Isn’t this encouraging?  Did you catch the fact that the great Apostle, the one who was chosen by God to introduce the Gentiles to the glory of the gospel, even he doesn’t know the details of his future!

22a.  “I am on my way to Jerusalem, not knowing what will happen to me there.”

His path is an uncertain as your is.  We have the misconception that when one signs on to be an effective Christian, a servant of the living Lord, God just unrolls the red carpet and says, “Well now for the choice servants of mine here’s what I’m going to do next; here’s what you’re going to be doing next week; here’s what’s coming around the corner.

Servanthood may mean obeying without understanding, trusting without ever seeing into the future.

Paul leaves with an uncertain path before him. . .

He also leaves with a clear conscience within him – notice 25.  “And now, behold, I know that all of you, among whom I went about preaching the kingdom, will see my face no more.   26.  “Therefore I testify to you this day, that I am innocent of the blood of all men.

Paul seems to draw from the analogy of the watchman from Ezekiel 33:1-6.  The watchman was responsible to blow the warning trumpet in the face of danger.  Once he sounded his warning, he was no longer responsible for the lives the people he had been appointed to warn.  Paul says, in effect, I have sounded the warning of God’s coming judgement.  I have sounded the gospel of the grace of God.  All of Ephesus has heard!

What a challenge to us he is – as a church in a city that needs to hear – as individuals with families and friends and co-workers and fellow students who need to hear from us.

Can you imagine an interview with Paul.  Put your Bibles and notes away and let’s listen in on that dock.  Imagine someone from a Christian organization or magazine or publisher arriving with cameras and lights. 

“Hey Paul, can I interview you before you leave?”

 “I guess.” 

“Say Paul, you’ve just finished a successful ministry in Ephesus; you’ve planted churches that are flourishing.  Hundreds of people now believe in Jesus Christ.  We’ve also heard that you’ve written a few letters while you were there to people in Corinth in Rome.  We’d like to talk about copyrighting those.  You could retire rich Paul . . . what do you say?”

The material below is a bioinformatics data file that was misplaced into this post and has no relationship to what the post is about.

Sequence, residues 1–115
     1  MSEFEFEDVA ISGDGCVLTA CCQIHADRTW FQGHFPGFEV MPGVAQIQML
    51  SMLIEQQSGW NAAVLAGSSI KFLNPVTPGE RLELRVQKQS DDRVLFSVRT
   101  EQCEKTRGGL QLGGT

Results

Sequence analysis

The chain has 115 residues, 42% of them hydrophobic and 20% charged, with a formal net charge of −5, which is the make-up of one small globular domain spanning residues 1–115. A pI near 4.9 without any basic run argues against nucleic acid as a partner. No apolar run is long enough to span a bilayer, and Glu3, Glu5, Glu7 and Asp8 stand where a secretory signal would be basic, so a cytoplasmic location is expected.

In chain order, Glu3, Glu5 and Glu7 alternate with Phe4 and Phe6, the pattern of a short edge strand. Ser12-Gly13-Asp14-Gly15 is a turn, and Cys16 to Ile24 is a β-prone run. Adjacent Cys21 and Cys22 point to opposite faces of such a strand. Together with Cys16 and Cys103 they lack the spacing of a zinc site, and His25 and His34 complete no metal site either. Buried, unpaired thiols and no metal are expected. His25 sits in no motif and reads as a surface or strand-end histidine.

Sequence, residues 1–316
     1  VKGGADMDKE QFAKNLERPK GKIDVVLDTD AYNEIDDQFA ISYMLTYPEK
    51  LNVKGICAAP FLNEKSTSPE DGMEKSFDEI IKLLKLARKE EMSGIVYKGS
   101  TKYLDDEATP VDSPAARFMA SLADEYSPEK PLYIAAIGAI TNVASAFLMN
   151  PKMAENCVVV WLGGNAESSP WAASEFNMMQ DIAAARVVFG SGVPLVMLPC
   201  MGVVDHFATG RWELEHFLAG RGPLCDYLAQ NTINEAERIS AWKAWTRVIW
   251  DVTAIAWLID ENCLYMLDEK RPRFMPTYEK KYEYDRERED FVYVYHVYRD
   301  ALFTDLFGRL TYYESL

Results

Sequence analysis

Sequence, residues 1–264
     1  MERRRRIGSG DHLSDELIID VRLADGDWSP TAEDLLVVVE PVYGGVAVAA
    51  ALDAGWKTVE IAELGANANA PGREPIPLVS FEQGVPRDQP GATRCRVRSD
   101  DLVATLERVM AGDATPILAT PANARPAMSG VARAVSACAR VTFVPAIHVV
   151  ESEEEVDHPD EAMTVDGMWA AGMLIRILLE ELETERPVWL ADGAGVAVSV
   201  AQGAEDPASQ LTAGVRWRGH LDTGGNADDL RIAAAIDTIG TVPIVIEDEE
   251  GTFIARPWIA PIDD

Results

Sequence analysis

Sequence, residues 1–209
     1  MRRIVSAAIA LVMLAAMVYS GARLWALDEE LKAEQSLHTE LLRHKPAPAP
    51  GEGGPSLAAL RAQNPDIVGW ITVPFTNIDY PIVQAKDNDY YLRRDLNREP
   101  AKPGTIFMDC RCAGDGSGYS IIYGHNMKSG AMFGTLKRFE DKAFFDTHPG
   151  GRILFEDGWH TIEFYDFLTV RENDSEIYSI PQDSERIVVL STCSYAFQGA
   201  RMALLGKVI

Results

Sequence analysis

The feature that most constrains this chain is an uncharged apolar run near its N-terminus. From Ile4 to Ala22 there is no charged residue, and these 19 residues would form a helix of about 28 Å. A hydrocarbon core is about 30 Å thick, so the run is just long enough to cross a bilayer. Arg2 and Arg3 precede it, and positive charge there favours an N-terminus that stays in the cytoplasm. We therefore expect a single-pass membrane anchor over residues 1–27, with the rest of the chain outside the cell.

“I’m not interesting in selling what God’s Spirit has moved me to write – the copyright belongs to Him.”

“Oh . . . well, for our article, how would you summarize your ministry in Ephesus – we understand literally everyone in that city heard you preach and teach at some time – you’re a household name Paul!  If you could come up with just two words to summarize your successful ministry there, what two words would you choose?”

            “Two words?  That’s easy . . . tears and trials.”

“What did you say?”

            “Tears and trials – those words capture these last three years.”

“Uh, Paul, could you change that a little bit?  You know . . . could you change it to excitement and success; or victory and miracles; or health and wealth?  C’mon Paul, we’re trying to get people to serve the Lord, like you; this won’t read very well . . . can you change something?”

            “No, I wouldn’t change those two words, but I could add two more.”

“Great, what are they?”

            “Uncertainty and at the same time – urgency to continue on.”

Let me make two summary statements of application:

Effective Christians -

-are willing to stand for the truth regardless of any outcome.

-are willing to follow the Spirit regardless of any guarantee.

It was simply the passion of Paul to share the gospel of the grace of God; even though the Spirit of God didn’t fill in all the blanks – even though the Spirit of God didn’t guarantee safety or comfort; even though the Spirit of God didn’t illuminate his path but a few feet at a time, Paul will follow on.

Louis Pasteur, the pioneer of immunology, lived at a time when thousands of people died each year of rabies.  Pasteur had worked for years on a vaccine.  He was planning to experiment on himself when a 9 year old boy named Joseph Meister, was bitten by a rabid dog.  The boy’s mother knew of Pasteur and begged him to use the vaccine on her son, even though it still had not yet been proven.  Pasteur was convinced his vaccine would work, and therefore injected Joseph for a period of ten days; and the boy lived.  Decades later, before Pasteur died, he made final preparations for his burial and headstone.  Of all the things Louis Pasteur could have had etched on his headstone, he simply asked for three words: Joseph Meister Lived.  He considered that his greatest legacy.  His work had caused someone to survive the effects of disease.

Can we be any less impassioned to see that people who are threatened by the infection of sin are given the antidote, the gospel of Jesus Christ. 

When all is said and done, that will be our greatest achievement; in the face of tears and trials and articles that won’t sell many magazines; the gospel we deliver and the lives we live are the legacy of those who call themselves the slaves of Christ.